In Killer Clergy, trusted religious leaders commit crimes and betray their congregations.

Killer Clergy - Netflix

Type: Documentary

Languages: English

Status: Running

Runtime: 60 minutes

Premier: 2016-08-26

Killer Clergy - András Pándy - Netflix

András Pándy (1 June 1927 – 23 December 2013) was a Belgian-Hungarian serial killer, convicted for the murder of six family members in Brussels between 1986 and 1990. Originally from Hungary, Pándy is believed to have killed his wife, ex-wife, two biological children, and two step-children who disappeared mysteriously, with the assistance of his daughter, Ágnes. Additionally, he had started abusive incestuous relationships with Ágnes and a third step-child who survived. In 1992, Belgian and Hungarian police began investigating Pándy, which resulted in his arrest in 1997, and conviction in 2002. Furthermore, the skeletal remains of seven more unknown women and one man were found in one of his houses. A religious teacher and clergyman, he was dubbed “Father Bluebeard” by some of the Belgian press. Pándy had been serving a life sentence without parole when he died on 23 December 2013.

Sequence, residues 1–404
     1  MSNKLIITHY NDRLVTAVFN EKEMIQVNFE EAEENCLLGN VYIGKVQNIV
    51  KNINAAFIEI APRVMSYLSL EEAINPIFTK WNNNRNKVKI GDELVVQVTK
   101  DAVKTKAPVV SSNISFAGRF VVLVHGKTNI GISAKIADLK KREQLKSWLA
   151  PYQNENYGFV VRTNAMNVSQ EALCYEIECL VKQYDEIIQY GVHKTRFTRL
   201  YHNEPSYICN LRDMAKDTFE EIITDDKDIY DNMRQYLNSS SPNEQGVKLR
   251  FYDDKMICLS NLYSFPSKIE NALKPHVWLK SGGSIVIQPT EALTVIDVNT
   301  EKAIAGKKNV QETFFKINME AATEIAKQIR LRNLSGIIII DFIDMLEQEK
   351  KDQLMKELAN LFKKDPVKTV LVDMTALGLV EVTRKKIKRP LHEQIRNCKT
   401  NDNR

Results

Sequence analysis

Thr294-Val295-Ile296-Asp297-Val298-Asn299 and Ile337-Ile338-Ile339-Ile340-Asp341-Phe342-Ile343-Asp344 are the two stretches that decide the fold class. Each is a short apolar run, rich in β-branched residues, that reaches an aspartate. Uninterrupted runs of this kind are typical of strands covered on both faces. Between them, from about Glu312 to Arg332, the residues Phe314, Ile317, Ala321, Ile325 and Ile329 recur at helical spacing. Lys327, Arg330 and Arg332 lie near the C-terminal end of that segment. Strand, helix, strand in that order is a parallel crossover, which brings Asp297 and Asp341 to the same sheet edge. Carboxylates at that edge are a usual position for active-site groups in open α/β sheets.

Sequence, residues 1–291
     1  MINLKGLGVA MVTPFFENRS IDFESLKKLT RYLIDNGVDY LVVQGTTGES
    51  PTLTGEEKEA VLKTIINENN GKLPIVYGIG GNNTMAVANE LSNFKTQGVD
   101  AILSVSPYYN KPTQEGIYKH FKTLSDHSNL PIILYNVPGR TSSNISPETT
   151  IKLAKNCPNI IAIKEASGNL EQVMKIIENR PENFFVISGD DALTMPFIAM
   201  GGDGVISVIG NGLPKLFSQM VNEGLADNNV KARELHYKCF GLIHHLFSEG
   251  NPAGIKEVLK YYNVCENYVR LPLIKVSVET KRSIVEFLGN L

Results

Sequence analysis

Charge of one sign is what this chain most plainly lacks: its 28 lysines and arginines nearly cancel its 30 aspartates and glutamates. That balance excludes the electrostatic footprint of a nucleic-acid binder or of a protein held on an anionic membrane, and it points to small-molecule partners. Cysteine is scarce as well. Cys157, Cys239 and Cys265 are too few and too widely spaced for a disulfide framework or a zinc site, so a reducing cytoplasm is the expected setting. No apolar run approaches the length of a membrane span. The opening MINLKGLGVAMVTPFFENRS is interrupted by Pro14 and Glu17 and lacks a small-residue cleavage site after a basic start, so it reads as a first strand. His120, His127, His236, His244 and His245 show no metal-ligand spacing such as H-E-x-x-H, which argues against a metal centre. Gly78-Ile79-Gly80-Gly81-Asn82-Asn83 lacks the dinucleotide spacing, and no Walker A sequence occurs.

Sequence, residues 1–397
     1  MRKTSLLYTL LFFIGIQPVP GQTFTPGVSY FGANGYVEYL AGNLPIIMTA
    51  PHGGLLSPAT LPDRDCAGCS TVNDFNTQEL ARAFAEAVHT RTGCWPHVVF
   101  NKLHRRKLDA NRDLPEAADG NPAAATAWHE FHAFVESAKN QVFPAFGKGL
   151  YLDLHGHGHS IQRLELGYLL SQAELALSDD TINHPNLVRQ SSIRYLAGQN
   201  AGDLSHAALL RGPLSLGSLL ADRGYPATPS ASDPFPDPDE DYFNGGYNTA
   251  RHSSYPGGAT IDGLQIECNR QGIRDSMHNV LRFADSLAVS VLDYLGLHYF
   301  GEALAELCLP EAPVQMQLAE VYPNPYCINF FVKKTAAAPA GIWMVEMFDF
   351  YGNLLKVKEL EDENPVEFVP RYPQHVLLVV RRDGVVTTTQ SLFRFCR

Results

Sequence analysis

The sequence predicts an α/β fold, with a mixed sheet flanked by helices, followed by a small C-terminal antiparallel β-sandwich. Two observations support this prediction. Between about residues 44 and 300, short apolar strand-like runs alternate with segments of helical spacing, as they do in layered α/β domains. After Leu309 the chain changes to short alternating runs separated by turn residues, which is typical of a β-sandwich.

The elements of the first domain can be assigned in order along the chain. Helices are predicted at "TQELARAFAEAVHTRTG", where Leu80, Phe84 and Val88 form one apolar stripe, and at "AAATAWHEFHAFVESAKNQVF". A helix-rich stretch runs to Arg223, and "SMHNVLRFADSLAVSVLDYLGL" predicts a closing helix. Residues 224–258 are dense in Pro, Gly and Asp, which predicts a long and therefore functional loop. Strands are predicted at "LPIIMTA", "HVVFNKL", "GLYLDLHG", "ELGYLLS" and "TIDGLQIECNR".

Killer Clergy - Possible additional murders - Netflix

After his arrest, further investigation speculated that Pándy and Ágnes may have committed several additional murders of non-relatives, before and during the killing of their family members. On November 26, 1997, a month after his arrest, the Hungarian newspaper Népszava reported that Pándy had fostered an unknown number of Romanian children—orphan refugees from the 1989 revolution that toppled communist dictator Nicolae Ceaușescu—at his home in Brussels. The children were supposedly recruited by a charity called YDNAP (Pándy spelled backwards), and Népszava reported that “nobody knows what happened to them or if they returned home” to Romania. Police also linked Ágnes to the 1993 disappearance of a 12-year-old girl whose mother was romantically involved with Pándy. Hungarian authorities had searched interconnected basements of Pándy's former home at Dunakeszi, north of the Hungarian capital Budapest. The findings were concealed, but suggested that an “old family tragedy” might have been responsible for Pándy's killing spree. In fact, they suggested that the prisoner in Belgium might not be Pándy at all, but rather a sibling of the real Pándy, whose death had been officially recorded in 1956, the same year of Pándy's migration to Belgium.

Killer Clergy - References - Netflix